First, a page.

“They’re gearing up to destroy us. Their first job is to cut off communication between the Pacific Union and ourselves. Last month, they took the junction down at Albuquerque. Wiped out everyone in the community down there. They surprised us on the monthly run three weeks ago.”
Anderson nodded sadly.
“So with your drivers gone, you’ve come to me. Why?”
“Because you’re a sociopath, Mr. Selano. You have serious issues, and a fierce determination to stand by them. You’re also a racer, and a criminal. You know how to shoot, kick, scratch and speed your way out of any situation. You were an outlaw on the highways a decade ago. Can you name anyone else in the Republic better suited to evade the Walkers and get the shipment through?”
“Everyone here is a spineless egghead, Anderson.”
“That’s right, Selano. We’re lacking the criminal element. The deviant minds. In these times, that’s a disadvantage.”
“You’re asking me to go on a suicide mission to California…to save the world?”
“Tell me, Selano, how long do you think we can last? They cut off I-70 to Utah, they’ve closed in from Wyoming and Kansas and now they hold Albuquerque. How long until they’re outside your door?”
“Soon enough, I suppose.”
“The Walkers don’t care if they take down a former wage slave or a low grade rebel like yourself. You and I are equal in their eyes.”
Mason finished his scotch. He stared at the bottom of the glass for a few, long minutes. There was nothing particularly on his mind, except for the thoughts of adventure. Finally, something to break up the day. Get him off of the mountain supply run. Hell, get him away from paranoid central. And, of course, the bastard was right. There really wasn’t much of a future.
He looked up at Anderson, “Do you want a drink, old man?”
* * * *
Selano sat in the truck and glared at the hanger doors. In this old airport hanger, it still felt like the old world. A bottle of rum was under the seat, the world inside was musty and hot. Out there, it was spring paradise. You wouldn’t think that Humanity was under siege by hordes of mindless cannibals. As a quaint homage of the past world and, perhaps, the world to come, the truck was equipped with satellite guidance and a fancy computer that had about 20 hours worth of music packed up into it. Selano had told Anderson to stack it up with music from the 90’s and the first few years of the 21st C. Just like he’d do on a cross country haul. Just like normal. Of course, you didn’t have to go far to lose track of the real world. The quarters behind him were packed full of supplies and weaponry. He’d be using those guns, too. The Walkers weren’t mindless zombies like in those goddamned movies, they meant business.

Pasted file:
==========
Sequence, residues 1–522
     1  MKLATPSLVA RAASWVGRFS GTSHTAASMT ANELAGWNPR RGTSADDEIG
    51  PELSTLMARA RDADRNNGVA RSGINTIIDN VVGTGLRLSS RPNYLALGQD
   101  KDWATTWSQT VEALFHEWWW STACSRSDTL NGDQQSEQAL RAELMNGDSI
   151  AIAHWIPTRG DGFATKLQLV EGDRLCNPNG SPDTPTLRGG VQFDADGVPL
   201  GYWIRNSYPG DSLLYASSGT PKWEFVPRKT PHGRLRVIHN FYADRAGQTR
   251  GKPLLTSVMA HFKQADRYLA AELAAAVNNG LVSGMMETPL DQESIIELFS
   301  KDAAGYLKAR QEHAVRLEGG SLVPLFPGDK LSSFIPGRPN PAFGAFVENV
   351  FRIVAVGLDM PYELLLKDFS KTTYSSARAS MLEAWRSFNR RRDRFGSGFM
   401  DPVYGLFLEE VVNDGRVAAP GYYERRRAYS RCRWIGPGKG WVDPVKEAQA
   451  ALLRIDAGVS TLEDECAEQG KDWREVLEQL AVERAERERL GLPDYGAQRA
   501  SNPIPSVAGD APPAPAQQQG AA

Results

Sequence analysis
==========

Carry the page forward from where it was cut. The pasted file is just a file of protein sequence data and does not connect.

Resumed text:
He turned on the GPS and watched the display as it told him to hang tight. All those satellites were still up there. There were people still up there, too. A space shuttle and whoever was on the space station, orbiting forever. Or maybe they had tried to come down and were out there somewhere, running their own little colonies. Or their bones were decorating a Walker warlord’s cave. He found himself lost in the thoughts of those spacemen. He’d like to go up and see them. See what they wrote and said right before they died.
Or maybe there was a cure up there, as well. They were working on it when things went into the spiral.
But the Republic would have heard from other people if they were out there. Like DC and LA. And now DC had been quiet and nobody had returned from the cross country run to let them know what was going on. Anderson even sent a plane out there. They lost contact while flying over Pennsylvania.
The passenger door opened and the Indian Isaac Tallhorse climbed into the cab. Selano was chewing on the nail of his small finger and he glanced sideways at the big Indian. The other man grunted hello and closed the door.
Anderson had assigned him a partner. That’s what he was waiting on. This was too much, though. “What, you’re riding with me?”